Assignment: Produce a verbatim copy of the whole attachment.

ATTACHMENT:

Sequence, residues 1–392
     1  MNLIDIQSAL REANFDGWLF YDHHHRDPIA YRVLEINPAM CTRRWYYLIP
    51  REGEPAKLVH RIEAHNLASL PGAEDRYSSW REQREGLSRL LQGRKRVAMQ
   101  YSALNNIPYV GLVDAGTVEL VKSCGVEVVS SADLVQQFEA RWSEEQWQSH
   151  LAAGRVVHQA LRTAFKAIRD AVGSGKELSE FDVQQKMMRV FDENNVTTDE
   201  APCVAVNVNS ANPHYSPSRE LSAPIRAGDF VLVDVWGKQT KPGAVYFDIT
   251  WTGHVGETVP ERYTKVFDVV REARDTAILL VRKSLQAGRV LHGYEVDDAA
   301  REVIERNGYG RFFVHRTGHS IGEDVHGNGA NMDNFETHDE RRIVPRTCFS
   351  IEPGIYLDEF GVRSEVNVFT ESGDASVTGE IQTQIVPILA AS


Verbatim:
Sequence, residues 1–392
     1  MNLIDIQSAL REANFDGWLF YDHHHRDPIA YRVLEINPAM CTRRWYYLIP
    51  REGEPAKLVH RIEAHNLASL PGAEDRYSSW REQREGLSRL LQGRKRVAMQ
   101  YSALNNIPYV GLVDAGTVEL VKSCGVEVVS SADLVQQFEA RWSEEQWQSH
   151  LAAGRVVHQA LRTAFKAIRD AVGSGKELSE FDVQQKMMRV FDENNVTTDE
   201  APCVAVNVNS ANPHYSPSRE LSAPIRAGDF VLVDVWGKQT KPGAVYFDIT
   251  WTGHVGETVP ERYTKVFDVV REARDTAILL VRKSLQAGRV LHGYEVDDAA
   301  REVIERNGYG RFFVHRTGHS IGEDVHGNGA NMDNFETHDE RRIVPRTCFS
   351  IEPGIYLDEF GVRSEVNVFT ESGDASVTGE IQTQIVPILA AS